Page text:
Enterprise resource planning (ERP) systems are an indispensable tool for most businesses. They allow them to track business resources and commitments in real time and to manage day-to-day business processes (e.g., procurement, project management, manufacturing, supply chain, human resources, sales, accounting, etc.).
The various applications integrated in ERP systems collect, store, manage, and interpret sensitive data from the many business activities, which allows organizations to improve their efficiency in the long run.
Needless to say, the security of such a crucial system and all the data it stores should be paramount for every organization.
Common misconceptions about ERP security
“Since ERP systems have a lot of moving parts, one of the biggest misconceptions is that the built-in security is enough. In reality, while you may not have given access to your company’s HR data to a technologist on your team, they may still be able to access the underlying database that stores this data,” Mike Rulf, CTO of Americas Region, Syntax, told Help Net Security.
“Another misconception is that your ERP system’s access security is robust enough that you can allow people to access their ERP from the internet.”
In actual fact, the technical complexity of ERP systems means that security researchers are constantly finding vulnerabilities in them, and businesses that make them internet-facing and don’t think through or prioritize protecting them create risks that they may not be aware of.
When securing your ERP systems you must think through all the different ways someone could potentially access sensitive data and deploy business policies and controls that address these potential vulnerabilities, Rulf says. Patching security flaws is extremely important, as it ensures a safe environment for company data.
Advice for CISOs
While patching is necessary, it’s true that business leaders can’t disrupt day-to-day business activity for every new patch.
“Businesses need some way to mitigate any threats between when patches are released and when they can be fully tested and deployed. An application firewall can act as a buffer to allow a secure way to access your proprietary technology and information during this gap. Additionally, an application firewall allows you to separate security and compliance management from ERP system management enabling the checks and balances required by most audit standards,” he advises.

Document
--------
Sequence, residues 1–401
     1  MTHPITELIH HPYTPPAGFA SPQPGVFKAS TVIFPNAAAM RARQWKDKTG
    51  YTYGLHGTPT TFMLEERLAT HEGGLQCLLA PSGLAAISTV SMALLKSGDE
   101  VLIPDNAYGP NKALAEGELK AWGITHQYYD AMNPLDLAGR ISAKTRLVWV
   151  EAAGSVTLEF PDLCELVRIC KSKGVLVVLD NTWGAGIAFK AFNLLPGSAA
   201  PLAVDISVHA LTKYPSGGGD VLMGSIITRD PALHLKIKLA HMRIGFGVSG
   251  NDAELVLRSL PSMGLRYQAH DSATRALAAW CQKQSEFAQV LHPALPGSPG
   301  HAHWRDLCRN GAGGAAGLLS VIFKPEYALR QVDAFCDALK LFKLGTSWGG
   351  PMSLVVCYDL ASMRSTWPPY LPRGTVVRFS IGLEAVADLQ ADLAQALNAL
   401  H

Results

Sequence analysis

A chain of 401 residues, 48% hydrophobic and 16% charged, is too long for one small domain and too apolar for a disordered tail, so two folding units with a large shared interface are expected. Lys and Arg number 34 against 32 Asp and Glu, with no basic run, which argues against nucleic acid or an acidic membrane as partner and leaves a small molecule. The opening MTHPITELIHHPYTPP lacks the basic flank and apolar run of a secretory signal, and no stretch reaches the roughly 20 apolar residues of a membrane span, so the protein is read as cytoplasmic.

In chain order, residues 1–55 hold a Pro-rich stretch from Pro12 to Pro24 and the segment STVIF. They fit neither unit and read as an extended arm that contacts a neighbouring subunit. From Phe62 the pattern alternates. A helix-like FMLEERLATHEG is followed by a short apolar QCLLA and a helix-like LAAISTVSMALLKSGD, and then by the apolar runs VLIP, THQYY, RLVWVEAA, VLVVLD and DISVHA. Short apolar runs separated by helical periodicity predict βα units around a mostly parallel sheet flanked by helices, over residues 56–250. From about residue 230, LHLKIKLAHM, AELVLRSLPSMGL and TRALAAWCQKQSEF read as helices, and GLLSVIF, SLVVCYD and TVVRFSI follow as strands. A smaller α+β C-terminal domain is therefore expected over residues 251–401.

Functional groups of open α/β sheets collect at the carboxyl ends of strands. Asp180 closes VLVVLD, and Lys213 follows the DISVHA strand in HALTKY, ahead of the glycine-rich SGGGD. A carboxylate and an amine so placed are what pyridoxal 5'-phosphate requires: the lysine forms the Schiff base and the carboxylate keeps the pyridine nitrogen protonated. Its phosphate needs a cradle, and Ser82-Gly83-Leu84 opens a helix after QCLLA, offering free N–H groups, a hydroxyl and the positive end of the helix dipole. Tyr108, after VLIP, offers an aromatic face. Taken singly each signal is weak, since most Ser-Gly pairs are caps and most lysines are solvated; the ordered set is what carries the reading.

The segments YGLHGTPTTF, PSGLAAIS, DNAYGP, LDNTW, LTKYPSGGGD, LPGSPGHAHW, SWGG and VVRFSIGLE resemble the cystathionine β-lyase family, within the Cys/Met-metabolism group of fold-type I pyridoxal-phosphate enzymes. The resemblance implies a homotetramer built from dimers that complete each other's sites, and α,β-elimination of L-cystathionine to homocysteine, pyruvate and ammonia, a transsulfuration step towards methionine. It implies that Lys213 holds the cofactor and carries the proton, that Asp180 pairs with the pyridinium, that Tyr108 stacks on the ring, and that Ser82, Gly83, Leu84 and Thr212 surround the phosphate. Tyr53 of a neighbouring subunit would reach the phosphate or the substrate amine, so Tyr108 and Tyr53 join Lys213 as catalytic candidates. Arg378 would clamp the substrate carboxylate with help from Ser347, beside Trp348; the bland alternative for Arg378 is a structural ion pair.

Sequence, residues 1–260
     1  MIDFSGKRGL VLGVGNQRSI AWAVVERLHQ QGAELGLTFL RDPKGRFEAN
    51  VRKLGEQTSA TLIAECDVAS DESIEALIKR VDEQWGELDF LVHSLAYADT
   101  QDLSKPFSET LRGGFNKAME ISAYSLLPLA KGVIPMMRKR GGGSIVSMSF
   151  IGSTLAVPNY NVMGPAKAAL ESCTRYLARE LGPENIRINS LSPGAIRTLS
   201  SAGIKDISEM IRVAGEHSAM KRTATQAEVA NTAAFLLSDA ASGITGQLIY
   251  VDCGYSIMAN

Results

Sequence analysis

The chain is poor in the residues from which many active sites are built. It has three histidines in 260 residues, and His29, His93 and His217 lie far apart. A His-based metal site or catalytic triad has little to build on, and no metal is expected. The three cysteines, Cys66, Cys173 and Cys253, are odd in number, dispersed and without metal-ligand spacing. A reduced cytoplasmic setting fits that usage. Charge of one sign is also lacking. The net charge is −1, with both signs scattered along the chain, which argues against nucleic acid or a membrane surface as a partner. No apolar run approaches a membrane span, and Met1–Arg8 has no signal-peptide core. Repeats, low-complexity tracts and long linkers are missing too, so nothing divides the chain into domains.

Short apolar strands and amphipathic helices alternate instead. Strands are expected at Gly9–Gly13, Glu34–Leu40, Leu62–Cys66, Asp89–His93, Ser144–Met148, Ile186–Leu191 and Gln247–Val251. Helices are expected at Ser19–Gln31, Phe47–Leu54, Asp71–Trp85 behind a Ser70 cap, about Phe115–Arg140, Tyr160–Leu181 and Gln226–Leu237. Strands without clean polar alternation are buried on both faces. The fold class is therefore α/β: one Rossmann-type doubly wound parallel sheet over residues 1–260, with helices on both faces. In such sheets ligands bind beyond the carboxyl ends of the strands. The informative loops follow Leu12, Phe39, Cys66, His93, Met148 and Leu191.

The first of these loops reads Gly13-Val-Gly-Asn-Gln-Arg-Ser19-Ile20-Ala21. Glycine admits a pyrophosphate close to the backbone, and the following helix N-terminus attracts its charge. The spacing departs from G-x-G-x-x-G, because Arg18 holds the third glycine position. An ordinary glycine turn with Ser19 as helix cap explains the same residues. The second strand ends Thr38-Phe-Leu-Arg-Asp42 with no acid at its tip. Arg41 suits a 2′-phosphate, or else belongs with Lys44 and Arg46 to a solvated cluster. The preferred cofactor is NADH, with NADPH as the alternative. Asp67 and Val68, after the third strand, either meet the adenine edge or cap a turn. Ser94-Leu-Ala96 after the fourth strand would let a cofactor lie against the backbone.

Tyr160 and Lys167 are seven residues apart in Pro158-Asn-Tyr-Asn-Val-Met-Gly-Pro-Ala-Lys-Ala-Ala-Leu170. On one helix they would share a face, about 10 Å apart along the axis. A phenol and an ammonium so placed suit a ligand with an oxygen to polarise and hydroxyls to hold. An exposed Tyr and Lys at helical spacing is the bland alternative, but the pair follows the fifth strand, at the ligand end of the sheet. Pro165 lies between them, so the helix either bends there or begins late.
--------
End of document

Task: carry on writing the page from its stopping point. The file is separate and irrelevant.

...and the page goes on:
He also urges CISOs to integrate the login process with their corporate directory service such as Active Directory, so they don’t have to remember to turn off an employee’s credentials in multiple systems when they leave the company.
To make mobile access to ERP systems safer for a remote workforce, CISOs should definitely leverage multi factor identification that forces employees to prove their identity before accessing sensitive company information.
“For example, Duo sends a text to an employee’s phone when logging in outside the office. This form of security ensures that only the people granted access can utilize those credentials,” he explained.
VPN technology should also be used to protect ERP data when employees access it from new devices and unfamiliar Wi-Fi networks.
“VPNs today can enable organizations to validate these new/unfamiliar devices adhere to a minimum security posture: for example, allowing only devices with a firewall configured and appropriate malware detection tools installed can access the network. In general, businesses can’t really ever know where their employees are working and what network they’re on. So, using VPNs to encrypt that data being sent back and forth is crucial.”
On-premise vs. cloud ERP security?
The various SaaS applications in your ERP, such as Salesforce and Oracle Cloud Apps, leave you beholden to those service providers to manage your applications’ security.
“You need to ask your service providers about their audit compliance and documentation. Because they are providing services critical to your business, you will be asked about these third parties by auditors during a SOC audit. You’ll thus need to expand your audit and compliance process (and the time it takes) to include an audit of your external partners,” Rulf pointed out.
“Also, when you move to AWS or Azure, you’re essentially building a new virtual data center, which requires you to build and invest in new security and management tools. So, while the cloud has a lot of great savings, you need to think about the added and unexpected costs of things like expanded audit and compliance.”